It can’t be said enough: the primary environmental factor that causes human skin aging is the sun. And even if you’re not concerned about aging now, consider this: sun exposure is cumulative over time. The skin doesn’t forget how much sun you’ve gotten, and it shows.
So why sun-protective clothing and not just sunscreen?
According to Dr. Leslie Baumann, director of Cosmetic Dermatology at the University of Miami, patients usually only achieve an SPF of one-third the number on the bottle, as they apply the product much more thinly than in the lab where the SPF is quantified. Add that in with the fact that very few wait the thirty minutes necessary before sun exposure for the product to be effective. And then add in the fact that few people know medications like ibuprofen, doxycycline (prescribed for Lyme disease), and Ortho-Tri Cyclen increase photosensitivity, and you have a definite need for additional sun precautions.
The American Academy of Dermatology (AAD) recommends additional forms of sun protection, such as avoiding the sun between 10 A.M. and 4 P.M., when the sun’s rays are the strongest. Sun-protective window shields and clothing are also advised by many experts. A reader who works as a PR for sun-protective clothing recently informed me of three excellent places online to buy sun-protective clothing: Alex and Me Co. (for men, women, and children), Solar Eclipse (also for men, women, and children), and MaxOUT Swimwear Co. (for children’s swimwear). All three sell quality sun-protective clothing.
How do I measure the effectiveness of these products?
The effectiveness of ultraviolet protective clothing is measured by Ultraviolet Protection Factor, or UPF. Unlike SPF, which quantifies only UVB protection, UPF incorporates both UVA and UVB (broad-spectrum) protection.
In general, according to Baumann, a UPF of 10 equals protection of about SPF 30. All of the children’s swimwear designs from MaxOUT Swimwear have a UPF of 50+ (the highest UPF designation), which allows less than 2% of UVA/UVB through the swimsuit. All products from Solar Eclipse currently seem to be UPF 50+ as well, and Alex and Me Co. features clothing that ranges from a tank top with UPF 25+ (an SPF of about 75) to UPF 50+.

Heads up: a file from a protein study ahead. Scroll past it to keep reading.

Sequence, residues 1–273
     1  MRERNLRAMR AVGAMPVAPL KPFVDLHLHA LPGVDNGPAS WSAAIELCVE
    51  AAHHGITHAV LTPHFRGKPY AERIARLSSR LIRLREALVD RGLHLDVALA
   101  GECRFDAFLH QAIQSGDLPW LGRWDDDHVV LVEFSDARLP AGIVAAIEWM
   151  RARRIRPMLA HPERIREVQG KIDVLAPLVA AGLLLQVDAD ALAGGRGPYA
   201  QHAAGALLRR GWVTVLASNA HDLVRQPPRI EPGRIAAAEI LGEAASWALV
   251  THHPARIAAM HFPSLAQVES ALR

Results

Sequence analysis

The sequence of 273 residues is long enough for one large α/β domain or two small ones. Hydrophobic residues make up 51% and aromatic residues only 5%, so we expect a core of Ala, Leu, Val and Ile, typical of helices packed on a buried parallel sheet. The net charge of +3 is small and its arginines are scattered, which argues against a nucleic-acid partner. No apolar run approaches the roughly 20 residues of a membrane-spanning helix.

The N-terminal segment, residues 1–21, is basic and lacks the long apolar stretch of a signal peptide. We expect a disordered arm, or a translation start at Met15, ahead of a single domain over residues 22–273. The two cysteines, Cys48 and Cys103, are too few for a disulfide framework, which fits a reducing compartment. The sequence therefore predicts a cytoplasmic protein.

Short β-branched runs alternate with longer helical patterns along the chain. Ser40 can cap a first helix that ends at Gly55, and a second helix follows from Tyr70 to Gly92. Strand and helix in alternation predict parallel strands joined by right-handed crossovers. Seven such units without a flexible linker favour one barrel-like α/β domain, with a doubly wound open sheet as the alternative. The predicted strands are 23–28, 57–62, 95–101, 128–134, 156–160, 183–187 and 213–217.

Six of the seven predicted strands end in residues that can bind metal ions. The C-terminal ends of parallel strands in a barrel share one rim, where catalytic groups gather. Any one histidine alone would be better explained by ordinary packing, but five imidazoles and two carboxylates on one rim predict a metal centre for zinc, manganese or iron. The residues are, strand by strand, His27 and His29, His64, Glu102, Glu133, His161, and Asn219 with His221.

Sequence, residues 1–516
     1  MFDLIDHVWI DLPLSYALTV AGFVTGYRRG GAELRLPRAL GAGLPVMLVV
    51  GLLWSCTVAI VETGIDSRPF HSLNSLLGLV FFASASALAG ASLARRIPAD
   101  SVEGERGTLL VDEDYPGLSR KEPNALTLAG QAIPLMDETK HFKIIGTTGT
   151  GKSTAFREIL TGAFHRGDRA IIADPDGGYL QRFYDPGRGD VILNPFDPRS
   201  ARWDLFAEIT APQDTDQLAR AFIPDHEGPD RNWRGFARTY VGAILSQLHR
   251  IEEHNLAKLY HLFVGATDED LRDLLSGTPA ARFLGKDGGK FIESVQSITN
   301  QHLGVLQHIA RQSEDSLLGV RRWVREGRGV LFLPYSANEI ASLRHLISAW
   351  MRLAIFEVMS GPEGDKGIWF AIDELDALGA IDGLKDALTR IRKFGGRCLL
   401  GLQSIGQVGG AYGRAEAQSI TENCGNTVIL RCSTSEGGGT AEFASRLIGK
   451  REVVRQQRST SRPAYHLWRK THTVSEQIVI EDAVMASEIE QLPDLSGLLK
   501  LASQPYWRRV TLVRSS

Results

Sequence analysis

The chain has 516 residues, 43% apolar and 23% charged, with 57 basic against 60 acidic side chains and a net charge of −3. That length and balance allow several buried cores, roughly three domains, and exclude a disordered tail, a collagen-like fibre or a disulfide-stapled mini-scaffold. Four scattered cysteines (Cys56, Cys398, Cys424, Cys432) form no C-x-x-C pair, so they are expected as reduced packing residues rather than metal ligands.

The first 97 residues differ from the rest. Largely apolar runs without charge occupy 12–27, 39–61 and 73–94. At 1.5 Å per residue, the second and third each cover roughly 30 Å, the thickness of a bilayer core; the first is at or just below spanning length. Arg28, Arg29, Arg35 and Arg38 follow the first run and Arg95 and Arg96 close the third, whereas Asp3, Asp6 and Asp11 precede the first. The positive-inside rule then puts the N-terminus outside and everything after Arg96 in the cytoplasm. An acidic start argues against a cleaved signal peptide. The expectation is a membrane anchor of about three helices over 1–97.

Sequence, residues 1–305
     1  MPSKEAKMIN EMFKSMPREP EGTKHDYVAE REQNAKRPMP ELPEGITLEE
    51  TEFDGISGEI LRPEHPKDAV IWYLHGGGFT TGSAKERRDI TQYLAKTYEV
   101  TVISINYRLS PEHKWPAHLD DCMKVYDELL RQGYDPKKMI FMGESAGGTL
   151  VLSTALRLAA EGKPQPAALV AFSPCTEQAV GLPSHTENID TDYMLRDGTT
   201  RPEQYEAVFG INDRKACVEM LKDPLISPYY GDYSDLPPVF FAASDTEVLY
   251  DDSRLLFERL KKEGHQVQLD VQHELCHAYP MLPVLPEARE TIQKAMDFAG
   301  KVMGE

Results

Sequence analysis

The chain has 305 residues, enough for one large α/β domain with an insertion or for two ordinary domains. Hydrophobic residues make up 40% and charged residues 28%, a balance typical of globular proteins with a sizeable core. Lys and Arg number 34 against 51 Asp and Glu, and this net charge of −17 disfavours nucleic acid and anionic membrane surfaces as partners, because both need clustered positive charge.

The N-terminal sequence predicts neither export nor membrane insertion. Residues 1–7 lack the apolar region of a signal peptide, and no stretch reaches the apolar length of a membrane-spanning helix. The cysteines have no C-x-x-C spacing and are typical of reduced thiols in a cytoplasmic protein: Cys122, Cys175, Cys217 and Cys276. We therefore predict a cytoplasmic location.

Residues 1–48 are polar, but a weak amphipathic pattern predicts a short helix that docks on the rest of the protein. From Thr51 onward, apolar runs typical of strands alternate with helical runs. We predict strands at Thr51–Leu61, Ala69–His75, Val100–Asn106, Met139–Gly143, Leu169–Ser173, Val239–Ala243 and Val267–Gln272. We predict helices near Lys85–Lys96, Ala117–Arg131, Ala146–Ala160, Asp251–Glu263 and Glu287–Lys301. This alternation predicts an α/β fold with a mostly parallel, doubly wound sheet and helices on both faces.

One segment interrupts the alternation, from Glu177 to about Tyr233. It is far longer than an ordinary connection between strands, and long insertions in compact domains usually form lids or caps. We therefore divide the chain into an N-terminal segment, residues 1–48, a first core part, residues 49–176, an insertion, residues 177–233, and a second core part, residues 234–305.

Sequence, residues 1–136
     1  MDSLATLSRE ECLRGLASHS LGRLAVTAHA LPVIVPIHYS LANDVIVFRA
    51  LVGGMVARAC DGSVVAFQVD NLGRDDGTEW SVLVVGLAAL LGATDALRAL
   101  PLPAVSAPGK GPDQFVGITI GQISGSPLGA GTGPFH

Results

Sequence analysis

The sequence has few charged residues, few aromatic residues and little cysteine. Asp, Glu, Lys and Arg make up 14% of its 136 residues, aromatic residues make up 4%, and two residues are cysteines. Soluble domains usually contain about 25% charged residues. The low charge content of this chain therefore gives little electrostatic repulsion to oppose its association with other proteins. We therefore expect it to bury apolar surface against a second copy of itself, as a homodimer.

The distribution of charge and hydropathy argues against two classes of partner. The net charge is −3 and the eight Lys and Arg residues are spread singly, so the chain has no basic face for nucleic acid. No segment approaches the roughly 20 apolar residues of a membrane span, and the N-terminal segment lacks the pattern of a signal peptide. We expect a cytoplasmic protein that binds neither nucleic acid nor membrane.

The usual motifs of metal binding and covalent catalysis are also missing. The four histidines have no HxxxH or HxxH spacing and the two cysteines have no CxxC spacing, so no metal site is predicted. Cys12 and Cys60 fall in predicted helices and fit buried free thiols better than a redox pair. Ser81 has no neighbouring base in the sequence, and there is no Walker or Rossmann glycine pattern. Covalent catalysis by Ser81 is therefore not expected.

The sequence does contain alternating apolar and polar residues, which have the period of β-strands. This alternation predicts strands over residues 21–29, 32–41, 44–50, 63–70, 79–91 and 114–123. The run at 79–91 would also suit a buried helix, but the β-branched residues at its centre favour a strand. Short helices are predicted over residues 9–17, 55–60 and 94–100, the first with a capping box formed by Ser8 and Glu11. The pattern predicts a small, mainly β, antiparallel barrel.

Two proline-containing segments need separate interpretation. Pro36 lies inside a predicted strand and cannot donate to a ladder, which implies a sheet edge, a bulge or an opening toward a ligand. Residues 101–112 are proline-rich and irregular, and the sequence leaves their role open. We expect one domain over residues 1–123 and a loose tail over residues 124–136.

But doesn’t UPF wash out of clothing?
According to Baumann, UPF actually increases with the washing of the UPF protective clothing [to a certain reasonable extent], because the clothing shrinks and becomes more tight-knit. An additional way to increase the UPF of cotton clothing is by washing with Tinosorb (available from Europe), which has a disulfonic acid triazine backbone that enables it to bind to cotton fabrics.
Don’t all clothes have some sun protective function?
Yes, but not normally to the extent of clothes designed for sun protective purposes. In a 2000 study cited by Edlich et. al of 236 common fabrics in clothing, 33% of fabrics issue a UPF of less than 15, 19% issue a UPF between 15 and 30, and 48% (including wool, polyester, and fabric blends) issue a UPF of 30 or greater. Cotton, linen, and viscose blends were demonstrated to have UPF values less than 30 in 70% of cases.
So, should I buy sun-protective clothing?
Absolutely. Some of my personal favorites are Alex and Me Co.’s Hooded Cover Up ($71.99, AlexAndMe.com) which provides a UPF of 50+ and looks like a regular jacket; MaxOUT Swimwear’s Strawberry Fields infant/toddler 1-piece (see above, $42.00, MaxOUTSwimwear.com) which provides an SPF of 50+ and looks soooo adorable; and SolarEclipse’s Adult Sunstopper in White/Navy ($74.00, SolarEclipse.com). There is also the San Diego hat (top of page, $42.99, AlexAndMe.com), which I happen to own, wear, and adore. Overall, sun-protective clothing is an excellent investment for the future of your skin’s health and appearance.
For more information on Sun Protective Clothing
- What Are the Different Types of Sunscreen? As described by Dr. Leslie Baumann in Cosmetic Dermatology, there are two different categories of sunscreens: physical sunscreens, which scatter or reflect UV radiation, and chemical sunscreens, which absorb UV radiation and then dissipate the radiation as either heat or light, usually of longer wavelength that does not…
- As someone with very fair skin, sun protection has always been a primary concern for my family and me — even if that meant sacrificing style for blockage. I recall once being outfitted in a particularly unfortunate hat with neck flap for a picnic. At the time, it felt like a sartorial injustice, but as…
- Clothes Protect You Less than You Think There’s actually a word to describe how well clothes block UV radiation. Ultraviolet Protection Factor or UPF is the “SPF” of clothing. It’s used to describe the fraction of sun’s rays that can get through your threads. (Below is the ARPANSA’s breakdown of UPF and UV-blockage.) The average plain white…